Darlington County Council honors DCSO Deputy

.DCSO Deputy Justin Taylor (left) with Darlington County Council chair Bobby Hudson. Photo by Samantha Lyles

By Samantha Lyles, Staff Writer, slyles@newsandpress.net

At their September 10 meeting, Darlington County Council unanimously approved Resolution No. 693, a recognition of Darlington County Sheriff’s Office Deputy Justin Taylor for “Integrity, Accountability, and Selfless Service.”

Earlier this summer, Taylor was awarded the 2018 South Carolina Sheriff’s Association Deputy of The Year Award for actions above and beyond the call of duty during two separate incidents that occurred on September 12, 2017, and January 2, 2018.

On September 12, Deputy Taylor, a certified paramedic, responded to a seriously wounded gunshot victim and provided medical assistance. Taylor was able to stem the bleeding until EMS crews arrived. The resolution noted that “his quick reaction and proper use of his medical abilities saved the life of the victim.”

On January 2, Deputy Taylor provided medical assistance to small children who were injured in a one-car multiple fatality traffic collision. The resolution states that Taylor further assisted county EMS by driving the ambulance so the medical crew could focus on “life-saving measures to preserve the life of a child.”

In other matters, Council passed Resolution No. 694, authorizing a Law Enforcement Assistance Agreement between the Town Of Lamar and the Darlington County Sheriff’s Office to provide a deputy who will exercise the administrative duties of Lamar police chief. This arrangement came about due to the retirement of Chief George Wilkes at the end of August.

The Town of Lamar will compensate the DCSO for the deputy’s salary on a monthly basis until a new police chief is in place. Sheriff Tony Chavis told Council the arrangement is valid for six months, or until Lamar Mayor Darnell McPherson hires a new chief.

County administrator Charles Stewart gave Council an overview of the fiscal year 2017 audit, conducted by accounting firm Mauldin & Jenkins. The audit summary stated that some material weaknesses were identified, chief among them an “overall lack of appropriate controls implemented at the County during the fiscal year. The County did not properly account for activity, or prepare and review all reconciliations typically required in a strong accounting system.”

The audit noted that this was a repeat finding from the prior year of 2016. It suggested that the county should look at accounting-related staffing and determine “if an adequate number of qualified people are currently available to address the condition” and provide “timely recording, reconciling and reporting of County operations and financial and non-financial activities.”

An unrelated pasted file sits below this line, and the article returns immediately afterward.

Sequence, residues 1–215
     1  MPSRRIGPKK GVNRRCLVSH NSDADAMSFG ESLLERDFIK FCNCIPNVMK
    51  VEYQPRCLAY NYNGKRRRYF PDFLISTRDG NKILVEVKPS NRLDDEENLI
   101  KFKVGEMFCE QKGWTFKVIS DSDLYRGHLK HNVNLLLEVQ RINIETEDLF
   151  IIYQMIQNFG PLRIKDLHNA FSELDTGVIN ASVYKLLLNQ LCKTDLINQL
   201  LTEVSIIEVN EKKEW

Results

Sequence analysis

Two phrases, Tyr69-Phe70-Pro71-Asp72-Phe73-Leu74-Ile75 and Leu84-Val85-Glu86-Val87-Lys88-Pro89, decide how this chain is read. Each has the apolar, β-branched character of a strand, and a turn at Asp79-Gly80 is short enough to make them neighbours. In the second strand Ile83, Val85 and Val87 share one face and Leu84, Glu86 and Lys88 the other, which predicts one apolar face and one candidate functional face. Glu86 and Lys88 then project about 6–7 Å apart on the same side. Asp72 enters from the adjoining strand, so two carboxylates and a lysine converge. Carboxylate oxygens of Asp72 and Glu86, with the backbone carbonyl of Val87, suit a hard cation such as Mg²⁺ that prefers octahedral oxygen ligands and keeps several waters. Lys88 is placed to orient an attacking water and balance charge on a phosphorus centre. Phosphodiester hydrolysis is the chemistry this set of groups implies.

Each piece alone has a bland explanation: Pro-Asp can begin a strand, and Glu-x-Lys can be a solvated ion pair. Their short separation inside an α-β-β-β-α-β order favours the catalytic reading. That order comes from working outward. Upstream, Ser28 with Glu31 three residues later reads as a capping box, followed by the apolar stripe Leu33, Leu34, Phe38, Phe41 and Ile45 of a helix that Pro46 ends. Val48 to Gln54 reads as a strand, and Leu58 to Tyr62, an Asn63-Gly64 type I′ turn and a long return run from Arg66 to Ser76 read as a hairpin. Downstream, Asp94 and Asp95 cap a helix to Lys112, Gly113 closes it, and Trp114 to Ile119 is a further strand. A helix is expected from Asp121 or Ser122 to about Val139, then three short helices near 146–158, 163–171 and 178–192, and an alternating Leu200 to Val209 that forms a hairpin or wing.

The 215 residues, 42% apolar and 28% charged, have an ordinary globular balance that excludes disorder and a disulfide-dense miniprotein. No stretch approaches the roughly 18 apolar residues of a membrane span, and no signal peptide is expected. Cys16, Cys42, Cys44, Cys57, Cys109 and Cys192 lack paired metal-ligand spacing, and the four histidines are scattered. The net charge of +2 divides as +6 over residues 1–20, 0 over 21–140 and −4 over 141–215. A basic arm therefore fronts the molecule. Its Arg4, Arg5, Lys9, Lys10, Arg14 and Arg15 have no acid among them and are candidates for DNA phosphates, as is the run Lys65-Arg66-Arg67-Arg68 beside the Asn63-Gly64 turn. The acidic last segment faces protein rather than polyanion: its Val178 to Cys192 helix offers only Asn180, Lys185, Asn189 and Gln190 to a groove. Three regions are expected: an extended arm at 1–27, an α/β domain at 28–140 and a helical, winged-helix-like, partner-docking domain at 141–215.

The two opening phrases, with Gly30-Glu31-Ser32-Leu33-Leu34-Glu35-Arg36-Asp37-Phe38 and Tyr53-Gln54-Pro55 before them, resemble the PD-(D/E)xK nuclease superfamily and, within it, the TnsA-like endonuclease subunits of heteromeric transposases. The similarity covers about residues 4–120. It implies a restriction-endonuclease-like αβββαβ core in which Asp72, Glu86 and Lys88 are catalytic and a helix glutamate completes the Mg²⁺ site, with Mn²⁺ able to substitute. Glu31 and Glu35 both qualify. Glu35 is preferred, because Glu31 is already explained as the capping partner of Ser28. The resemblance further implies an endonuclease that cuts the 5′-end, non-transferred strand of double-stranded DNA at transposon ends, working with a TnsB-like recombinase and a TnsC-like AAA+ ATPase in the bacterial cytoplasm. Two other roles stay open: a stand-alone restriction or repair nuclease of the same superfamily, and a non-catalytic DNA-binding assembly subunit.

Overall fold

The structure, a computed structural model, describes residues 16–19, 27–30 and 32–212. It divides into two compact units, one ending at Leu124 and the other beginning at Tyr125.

On a positive note, Stewart said that the county’s fund balance is improving year over year, increasing from $10.8 million in 2016 to $15.8 million in 2017.

“You have a very healthy fund balance. You have money that can be used for some capital projects, and that’s something staff will start to bring forward to you over the next six months,” Stewart said, adding that if the county directs some of the fund balance this way, it will not need to levy extra tax millage to pay for capital projects.

Council approved a Darlington County Fire District expenditure of $33,615 to purchase 15 new sets of protective bunker gear from Newton’s Fire & Safety Equipment of Graham, NC. The request for funding included a letter from Honeywell PPE (manufacturer of the bunker gear) confirming that Newton’s is the sole distributor and servicer for these products to the Darlington County Fire District.

A bid contract to pave Flatnose Road with $108,680 in County Transportation Committee funds was awarded to Palmetto Corp of Conway.

Also on the agenda, Council approved second reading of Ordinance 18-09, affirming that a manufacturing facility belonging to Flakeboard America Limited is located in the jointly owned Darlington-Marlboro County Industrial Park and agreeing to the distribution of any and all FILOT (Fee In Lieu Of Tax) proceeds collected from that entity.
Ordinance No. 18-10 also received second reading approval. Upon passage of third and final reading, this measure would amend the 2018/19 budget and allow the Darlington County Library System to receive and expend a $10,410 South Carolina State Library Grant. The funds will be used to develop an educational program teaching local businesses and library patrons how to use 3-D design programs and printers.

A carry-over was requested for second reading of Ordinance 18-11, which would develop a multi-county park with Lee County and delineate the governing of said park and the properties to be included.

A title-only first reading (no vote required) was held for Ordinance 18-12, establishing the distribution of FILOT revenues from Project Watauga, a solar energy generating installation jointly located in Darlington County, Florence County, and the Town of Society Hill. According to a resolution of Society Hill Town Council, the company behind Project Watauga anticipates a total combined capital expenditure of at least $3,192,000.

The ordinance states that with respect to the Watauga Project property only, FILOT revenues will be allocated as follows: 1 percent to Florence County, 20 percent to the Town of Society Hill, 78 percent to Darlington County for capital projects, and 1 percent to all other taxing entities with jurisdiction over the Watauga Project property.

Prior to second reading of this ordinance, a public hearing will be held at the October 1 Darlington County Council meeting so that citizens may ask questions and express opinions regarding Project Watauga. That meeting will be held at 6 p.m. in the Courthouse Annex/EMS Building at 1625 Harry Byrd Highway in Darlington.

Author: Rachel Howell

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